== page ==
- William Barton's Dark Sky Legion, which I grabbed last-minute from the free table because, although it looked like no one else wanted it, flipping open to a random page suggested that it might have SURPRISE CLONES. =D Also, it has a cover that honestly looks like...look. The smoldering (figuratively, not literally! with sf/f you have to specify XD) white man appears to be buck-naked, is holding a bunch of wires or something that conveniently, along with some smoke, conceal his crotch area, and also he is ripped. =D I mean, this book could be COMPLETELY TERRIBLE, but who knows? It might live down to its cover in wonderfully cracktastic ways! Especially if there are SURPRISE CLONES!

And then I fell prey to the used books available for sale in the Bookshop at Readercon--mainly because a lot of these I am not sure are even available as ebooks and if they're cheap, why not? (We're going to need another bookcase though...)

- David Feintuch's Fisherman's Hope. I've read the Seafort Saga before; this is vol. 4, my favorite one, and later this week I should probably talk about why.
- Cordwainer Smith's Norstrilia. I pounced on this when I spotted it--I had previously owned but not actually yet read a copy of this novel, and then flood. So this time I'm going to read it, dammit.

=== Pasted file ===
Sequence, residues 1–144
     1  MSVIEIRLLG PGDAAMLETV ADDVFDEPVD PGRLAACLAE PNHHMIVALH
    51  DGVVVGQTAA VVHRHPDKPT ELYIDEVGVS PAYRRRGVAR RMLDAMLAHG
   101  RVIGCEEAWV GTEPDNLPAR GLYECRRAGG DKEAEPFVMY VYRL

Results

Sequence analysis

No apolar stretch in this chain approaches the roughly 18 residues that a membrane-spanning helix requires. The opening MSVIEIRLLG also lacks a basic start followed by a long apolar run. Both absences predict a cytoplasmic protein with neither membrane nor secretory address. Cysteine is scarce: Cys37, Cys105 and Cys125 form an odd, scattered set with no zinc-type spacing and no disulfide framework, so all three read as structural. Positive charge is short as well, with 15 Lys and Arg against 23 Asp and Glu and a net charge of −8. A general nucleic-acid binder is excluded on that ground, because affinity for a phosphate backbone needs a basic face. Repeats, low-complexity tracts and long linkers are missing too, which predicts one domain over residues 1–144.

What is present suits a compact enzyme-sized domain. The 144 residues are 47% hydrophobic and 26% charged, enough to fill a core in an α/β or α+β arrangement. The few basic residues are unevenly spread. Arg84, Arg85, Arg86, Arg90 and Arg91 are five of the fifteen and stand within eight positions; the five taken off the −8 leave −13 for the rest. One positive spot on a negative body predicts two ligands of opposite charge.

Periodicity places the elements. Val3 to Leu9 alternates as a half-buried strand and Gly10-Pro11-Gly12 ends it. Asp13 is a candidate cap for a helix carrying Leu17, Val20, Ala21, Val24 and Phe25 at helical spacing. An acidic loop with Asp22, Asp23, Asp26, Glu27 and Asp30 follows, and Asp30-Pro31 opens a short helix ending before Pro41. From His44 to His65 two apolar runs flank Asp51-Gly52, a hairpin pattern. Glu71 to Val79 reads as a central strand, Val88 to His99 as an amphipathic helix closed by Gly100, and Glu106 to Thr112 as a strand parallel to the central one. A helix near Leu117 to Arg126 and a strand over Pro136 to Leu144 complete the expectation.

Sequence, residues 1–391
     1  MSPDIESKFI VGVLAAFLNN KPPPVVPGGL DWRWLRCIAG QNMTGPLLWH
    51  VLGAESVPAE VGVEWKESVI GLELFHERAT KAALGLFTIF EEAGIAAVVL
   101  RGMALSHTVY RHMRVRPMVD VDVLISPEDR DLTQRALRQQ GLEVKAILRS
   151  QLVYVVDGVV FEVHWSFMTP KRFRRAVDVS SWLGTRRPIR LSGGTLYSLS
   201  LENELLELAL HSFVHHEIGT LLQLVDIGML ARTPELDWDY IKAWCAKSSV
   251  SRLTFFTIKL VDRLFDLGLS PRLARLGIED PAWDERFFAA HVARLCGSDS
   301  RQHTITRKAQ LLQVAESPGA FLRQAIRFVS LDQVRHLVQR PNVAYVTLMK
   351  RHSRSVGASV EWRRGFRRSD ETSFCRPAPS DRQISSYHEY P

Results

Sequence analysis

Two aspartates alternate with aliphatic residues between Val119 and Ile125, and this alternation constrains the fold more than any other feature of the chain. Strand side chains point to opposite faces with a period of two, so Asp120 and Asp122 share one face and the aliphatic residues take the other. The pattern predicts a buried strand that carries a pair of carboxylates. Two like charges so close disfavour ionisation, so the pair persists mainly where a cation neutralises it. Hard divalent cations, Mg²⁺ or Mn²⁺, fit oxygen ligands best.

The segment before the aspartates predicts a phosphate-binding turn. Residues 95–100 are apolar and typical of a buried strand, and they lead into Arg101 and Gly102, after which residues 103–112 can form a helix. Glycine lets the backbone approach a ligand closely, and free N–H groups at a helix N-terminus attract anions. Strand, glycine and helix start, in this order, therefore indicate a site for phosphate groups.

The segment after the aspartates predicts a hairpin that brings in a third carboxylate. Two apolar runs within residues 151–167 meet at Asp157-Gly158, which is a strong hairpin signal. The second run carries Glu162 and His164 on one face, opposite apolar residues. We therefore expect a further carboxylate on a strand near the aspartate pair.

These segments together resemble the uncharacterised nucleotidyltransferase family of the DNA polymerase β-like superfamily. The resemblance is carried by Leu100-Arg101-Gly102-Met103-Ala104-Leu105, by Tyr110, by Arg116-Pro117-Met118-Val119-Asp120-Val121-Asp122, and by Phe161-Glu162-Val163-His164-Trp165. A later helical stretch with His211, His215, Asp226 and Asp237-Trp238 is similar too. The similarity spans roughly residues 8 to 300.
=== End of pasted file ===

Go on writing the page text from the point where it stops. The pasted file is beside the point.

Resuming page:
- Walter Jon Williams' The Praxis, The Sundering, and Conventions of War, first three books of the Dread Empire's Fall space opera series. I have read something short by Williams somewhere and remember being intrigued, so I figure this might be worth a try? Joe might like it?
- Steve Jackson's Sorcery! Book Four, Crown of Kings. =D =D =D I used to own this in hardcopy and flood, so being able to replace it = A++.

(no subject)

Jul. 11th, 2017 10:14 pm
yhlee: icosahedron (d20) (d20 (credit: bag_fu on LJ))
[personal profile] yhlee
Thanks to [personal profile] kate_nepveu for the link: The Indies' Guide to Game Making [PC Gamer].

Reading this was fascinating but mostly emphasized to me that I don't actually enjoy the programming side of games! As most of you already know, I fled the comp sci major and majored in math instead because it was easier and I'm a suck debugger. XD

Things that I think would be fun to learn how to do: writing for games (besides IF, I've really only done Winterstrike, which was commissioned by Failbetter Games to use their StoryNexus engine), composing for games (have never done).

In real life, I suspect these would be massively time-consuming, with constraints and learning curves of their own, and writing novels is already, like, a job I have. I'm actually quite interested in composing in general, but I need to upgrade my computer and fiddle more with the music software I have before I can pursue that further. Also, pursuing composing as a hobby means that I can write whatever the hell I want (and what I want to write is mostly neoclassical orchestral music) as opposed to worrying about what other people are interested in!